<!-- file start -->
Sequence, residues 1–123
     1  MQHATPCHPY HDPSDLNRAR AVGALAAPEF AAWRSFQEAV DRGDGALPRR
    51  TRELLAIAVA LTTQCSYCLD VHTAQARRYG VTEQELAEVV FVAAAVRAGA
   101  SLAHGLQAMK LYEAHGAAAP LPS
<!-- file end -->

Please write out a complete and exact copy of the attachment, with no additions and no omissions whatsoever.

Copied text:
Sequence, residues 1–123
     1  MQHATPCHPY HDPSDLNRAR AVGALAAPEF AAWRSFQEAV DRGDGALPRR
    51  TRELLAIAVA LTTQCSYCLD VHTAQARRYG VTEQELAEVV FVAAAVRAGA
   101  SLAHGLQAMK LYEAHGAAAP LPS